Value at Risk (VaR) is a risk management measure that quantifies the potential losses on an investment over a specific period. The purpose of VaR is to give quantitative insight into the riskiness of a portfolio. VaR helps investors identify and measure their investments’ risks and make informed decisions. It answers the question, “What loss level is such that we are X% confident it will not be exceeded in N days?”. The risk manager needs to set the confidence level (ex. 99%) & time horizon (ex. 1-day) parameters.

**4 Methods of VaR Calculation**

Let’s examine the assumptions behind 4 VaR models along with some insights into a Crypto Portfolio VaR results.

**1. Model #1/4. HistSim (Historical Simulation)**

HistSim involves using historical price data as a guide to what will happen in the future. Unlike the other 3 VaR methods below, there is no assumption on the shape of the probability distribution (ie. normal or normal/excess kurtosis). HistSim instead assumes the probability distribution observed for % daily changes in market risk factors **in the past** is the probability distribution **that will apply over the next day.** The risk manager might start with 366 days of historical end-of-day px data to create 365 scenarios & will update the historical data daily to maintain a rolling 366-day window. Historic day-on-day price changes are scaled relative to the current price level (ex. “Todays BTC/USDT price” * (10Jan22 price / 9Jan22 price) etc. “Todays” Cryptocurrency Portfolio Mark-to-Market (MtM) is then compared against each of the above scenarios, profit&losses are sorted as worst→best & the relevant confidence level (ex. 99%) worst case loss is shown.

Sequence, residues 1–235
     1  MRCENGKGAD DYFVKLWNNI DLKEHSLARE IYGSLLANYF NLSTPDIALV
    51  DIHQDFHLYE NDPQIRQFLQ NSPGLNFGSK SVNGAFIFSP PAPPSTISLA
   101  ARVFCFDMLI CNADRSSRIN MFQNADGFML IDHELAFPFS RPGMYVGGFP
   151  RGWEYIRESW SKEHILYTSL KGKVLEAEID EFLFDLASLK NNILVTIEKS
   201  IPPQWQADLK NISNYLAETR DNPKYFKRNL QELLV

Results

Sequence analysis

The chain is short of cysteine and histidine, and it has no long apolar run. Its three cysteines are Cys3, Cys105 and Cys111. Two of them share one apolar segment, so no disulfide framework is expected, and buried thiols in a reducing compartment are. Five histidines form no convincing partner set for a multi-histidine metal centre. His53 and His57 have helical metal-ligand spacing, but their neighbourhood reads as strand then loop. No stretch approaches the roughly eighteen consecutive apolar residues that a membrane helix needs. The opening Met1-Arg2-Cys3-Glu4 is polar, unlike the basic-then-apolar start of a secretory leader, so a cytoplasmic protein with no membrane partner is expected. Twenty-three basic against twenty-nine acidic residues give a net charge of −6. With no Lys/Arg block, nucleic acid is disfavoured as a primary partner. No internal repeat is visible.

**2. Model #2/4. VCV (Variance-Covariance) – Equally Weighted**

VCV-EW involves making assumptions with respect to the probability distribution of return on crypto prices & calculating the probability distribution of the change in portfolio value analytically. In our case, we are imposing the **normal distribution assumption** on crypto prices (ie. assuming the % daily change in each market risk factor has a normal probability distribution) and factoring in covariance between crypto price returns into the VaR calculation. Note that for asset classes subject to frequent jumps (ex., credit spreads, crypto prices), the normal distribution assumption is tenuous & has led to the popularity of alternative models such as #4 below.

**3. Model #3/4. VCV – EWMA (Exponentially-Weighted Moving Average)**

Similar to #2 but VCV-EWMA includes an additional parameter (lambda) which acts to provide more weight to more recent time series data portfolio variances & covariances. The rationale for lambda parameter inclusion is that more recent data is **more relevant** than older data.

**4. Model #4/4. Student-t Copula**

Cryptocurrency price data typically display **high skewness/kurtosis**. The Student-t Copula approach involves using Monte Carlo scenarios (say 50k) to sample from the VCV matrix & create market scenarios. The portfolio is then revalued over these scenarios to create a profit&loss distribution from which VaR is determined.

**Cryptocurrency Portfolio Risk Management**

The author has designed & run the above 4 models in production on a relatively static institutional crypto portfolio. Model #4 (Copula) generated the highest VaR, as expected, given the model assumptions (fat tails) & statistical characteristics of the majority of coins in the portfolio. Model #3 (VCV – EWMA) generated the least VaR, which also makes sense considering parametric model assumptions & declining volatility witnessed during the historical data window. Model #1 & #2 VaR results sat in the middle. No daily portfolio P&L > VaR breaches were noted during the review period.

Strengths & weaknesses of model assumptions aside, the author believes that the ability to quantify loss levels within a certain confidence interval & time horizon makes VaR a useful tool in a cryptocurrency portfolio risk management toolbox.

In our next article on Cryptocurrency Portfolio Risk metrics, we will examine ES (Expected Shortfall), SVaR (Stressed VaR) & bespoke stress scenario concepts.

Kairon Labs has experience running dynamic inventory hedging programs for clients. Feel free to reach out, our team is here to help you with your risk management needs.

(author: Charles Belford)